jueves, 30 de marzo de 2017

Improving Memory in Adults with Epilepsy | Features | CDC

Improving Memory in Adults with Epilepsy | Features | CDC

Centers for Disease Control and Prevention. CDC twenty four seven. Saving Lives, Protecting People

Improving Memory in Adults with Epilepsy

Tablet with word epilepsy written across it

Learn how adults with epilepsy can improve memory problems and overall health.
At some point, almost everyone has forgotten where they parked the car or placed the car keys. For people with epilepsy (also known as seizure disorder), memory lapses are more common. At least one-half of people with epilepsy have memory loss that affects their health. For instance, seizures or other health problems can lead to forgetting to take medicines as directed.
While memory loss is a challenge for many people with epilepsy, it is not always a major concern for health care providers. For those with epilepsy, treatment options for memory loss are limited.

CDC's Prevention Research Center's Program Seeks Solution

Few programs target memory problems in adults with epilepsy. To address this problem, Dartmouth College Prevention Research Center created a program known as HOBSCOTCH (HOme Based Self-management and COgnitive Training CHanges lives). In a recent study, researchers found that HOBSCOTCH improves overall health and memory in people with epilepsy.
HOBSCOTCH helps adults who have memory problems, and is delivered in person and over the phone.

HOBSCOTCH Improves Memory & Health

HOBSCOTCH gives participants skills and ways to solve memory problems that are useful in real-life situations. Led by a licensed health care provider, HOBSCOTCH training is delivered through in-person and telephone coaching sessions.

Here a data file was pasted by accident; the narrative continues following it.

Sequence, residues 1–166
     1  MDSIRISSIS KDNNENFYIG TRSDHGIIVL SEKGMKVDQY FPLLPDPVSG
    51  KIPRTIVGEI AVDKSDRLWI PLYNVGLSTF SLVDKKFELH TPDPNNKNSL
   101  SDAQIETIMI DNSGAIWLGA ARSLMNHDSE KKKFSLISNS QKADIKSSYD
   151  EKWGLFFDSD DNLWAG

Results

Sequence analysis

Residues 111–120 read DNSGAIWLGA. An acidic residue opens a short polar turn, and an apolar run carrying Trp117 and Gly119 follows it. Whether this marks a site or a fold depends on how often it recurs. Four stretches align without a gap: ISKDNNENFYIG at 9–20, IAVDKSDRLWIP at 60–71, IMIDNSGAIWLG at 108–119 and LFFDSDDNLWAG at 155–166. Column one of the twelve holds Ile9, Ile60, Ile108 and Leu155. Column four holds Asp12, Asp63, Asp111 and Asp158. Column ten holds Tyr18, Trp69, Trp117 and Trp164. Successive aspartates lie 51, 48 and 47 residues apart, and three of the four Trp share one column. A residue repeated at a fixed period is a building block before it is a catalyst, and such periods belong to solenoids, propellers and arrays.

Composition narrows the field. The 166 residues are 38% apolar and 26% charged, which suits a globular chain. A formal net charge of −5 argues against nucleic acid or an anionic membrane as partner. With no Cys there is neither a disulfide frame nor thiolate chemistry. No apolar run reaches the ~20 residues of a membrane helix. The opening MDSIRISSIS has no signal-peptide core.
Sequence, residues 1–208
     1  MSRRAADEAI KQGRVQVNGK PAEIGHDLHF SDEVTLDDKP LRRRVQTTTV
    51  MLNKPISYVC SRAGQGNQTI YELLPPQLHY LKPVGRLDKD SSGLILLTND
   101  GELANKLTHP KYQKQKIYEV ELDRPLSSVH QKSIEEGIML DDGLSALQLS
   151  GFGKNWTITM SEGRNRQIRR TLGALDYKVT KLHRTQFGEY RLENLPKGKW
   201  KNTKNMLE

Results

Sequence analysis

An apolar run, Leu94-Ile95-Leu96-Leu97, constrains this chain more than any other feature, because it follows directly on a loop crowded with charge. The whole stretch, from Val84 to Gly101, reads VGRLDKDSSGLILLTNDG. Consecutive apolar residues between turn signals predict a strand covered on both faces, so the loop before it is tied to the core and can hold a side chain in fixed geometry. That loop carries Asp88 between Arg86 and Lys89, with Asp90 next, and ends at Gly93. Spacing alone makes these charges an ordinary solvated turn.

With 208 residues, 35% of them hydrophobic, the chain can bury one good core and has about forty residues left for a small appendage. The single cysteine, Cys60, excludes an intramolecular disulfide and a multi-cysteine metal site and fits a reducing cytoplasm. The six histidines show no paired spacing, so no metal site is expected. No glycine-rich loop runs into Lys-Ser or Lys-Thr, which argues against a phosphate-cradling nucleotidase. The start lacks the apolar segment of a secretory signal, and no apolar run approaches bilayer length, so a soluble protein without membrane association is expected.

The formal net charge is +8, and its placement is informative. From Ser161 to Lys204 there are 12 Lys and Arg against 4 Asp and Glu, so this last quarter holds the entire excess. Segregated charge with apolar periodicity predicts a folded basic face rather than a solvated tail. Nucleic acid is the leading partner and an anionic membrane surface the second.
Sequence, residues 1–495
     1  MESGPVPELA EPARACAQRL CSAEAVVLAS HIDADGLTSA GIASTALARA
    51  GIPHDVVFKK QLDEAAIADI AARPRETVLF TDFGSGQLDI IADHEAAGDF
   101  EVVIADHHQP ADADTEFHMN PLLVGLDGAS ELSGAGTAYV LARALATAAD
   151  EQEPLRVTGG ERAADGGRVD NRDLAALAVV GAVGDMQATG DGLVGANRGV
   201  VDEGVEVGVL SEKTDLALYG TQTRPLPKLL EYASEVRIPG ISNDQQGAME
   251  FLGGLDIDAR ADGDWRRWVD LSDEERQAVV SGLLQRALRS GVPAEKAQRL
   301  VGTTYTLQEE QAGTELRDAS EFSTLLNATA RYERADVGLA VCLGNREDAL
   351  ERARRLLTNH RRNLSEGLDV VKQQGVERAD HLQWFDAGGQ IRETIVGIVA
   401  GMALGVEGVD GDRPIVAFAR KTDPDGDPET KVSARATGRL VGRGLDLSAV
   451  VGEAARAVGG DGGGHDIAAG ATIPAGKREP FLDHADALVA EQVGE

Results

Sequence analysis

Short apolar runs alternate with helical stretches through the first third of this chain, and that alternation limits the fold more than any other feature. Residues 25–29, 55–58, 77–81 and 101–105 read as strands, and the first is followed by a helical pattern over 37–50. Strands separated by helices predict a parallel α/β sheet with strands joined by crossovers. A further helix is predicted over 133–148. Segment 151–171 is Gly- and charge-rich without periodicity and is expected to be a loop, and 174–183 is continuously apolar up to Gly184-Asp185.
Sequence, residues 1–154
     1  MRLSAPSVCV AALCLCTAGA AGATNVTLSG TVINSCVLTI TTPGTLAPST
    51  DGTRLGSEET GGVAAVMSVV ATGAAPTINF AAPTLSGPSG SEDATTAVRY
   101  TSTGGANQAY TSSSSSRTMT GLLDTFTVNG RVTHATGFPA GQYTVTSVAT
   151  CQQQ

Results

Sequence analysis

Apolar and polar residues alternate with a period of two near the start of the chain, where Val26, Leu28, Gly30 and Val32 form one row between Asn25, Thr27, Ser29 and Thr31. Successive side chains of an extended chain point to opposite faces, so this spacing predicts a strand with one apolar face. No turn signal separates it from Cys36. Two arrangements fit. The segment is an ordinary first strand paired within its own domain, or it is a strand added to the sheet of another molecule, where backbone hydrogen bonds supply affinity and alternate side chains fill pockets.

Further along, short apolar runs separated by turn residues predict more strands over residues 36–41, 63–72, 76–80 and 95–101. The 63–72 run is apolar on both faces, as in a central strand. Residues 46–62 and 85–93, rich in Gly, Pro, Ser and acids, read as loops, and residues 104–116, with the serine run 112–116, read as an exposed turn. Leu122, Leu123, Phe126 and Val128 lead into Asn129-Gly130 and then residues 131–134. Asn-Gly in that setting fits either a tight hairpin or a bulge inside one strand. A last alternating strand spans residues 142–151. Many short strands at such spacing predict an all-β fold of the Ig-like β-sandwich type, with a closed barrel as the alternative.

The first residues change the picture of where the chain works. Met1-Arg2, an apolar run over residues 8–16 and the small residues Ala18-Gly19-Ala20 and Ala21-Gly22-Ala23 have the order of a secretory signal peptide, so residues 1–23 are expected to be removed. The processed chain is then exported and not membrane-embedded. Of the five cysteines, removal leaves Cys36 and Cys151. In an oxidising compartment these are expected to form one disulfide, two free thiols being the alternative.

Participants learn:
  • How memory works – This includes information about common memory problems.
  • Relaxation techniques – These can reduce stress which is a major factor in memory loss.
  • Problem solving skills – This teaches how to solve some common memory problems.
  • Memory strategies – This includes learning new skills to improve how to remember things.
Training for HOBSCOTCH coaches is currently only offered at Dartmouth-Hitchcock Medical Center. CDC and its partners are also testing this program in Maine, New Hampshire, and Vermont.
Learn more about epilepsy self-management programs that improve quality of life, including free webinars and podcasts with epilepsy experts:


Caller, T.A., Ferguson, R. J., Roth, R. M., Secore, K. L., Alexandre, F. P., Zhao, W., Jobst, B. C. (2016). A Cognitive Behavioral Intervention (HOBSCOTCH) Improves Quality of Life and Attention in Epilepsy. Epilepsy & Behavior, 57, 111-117.

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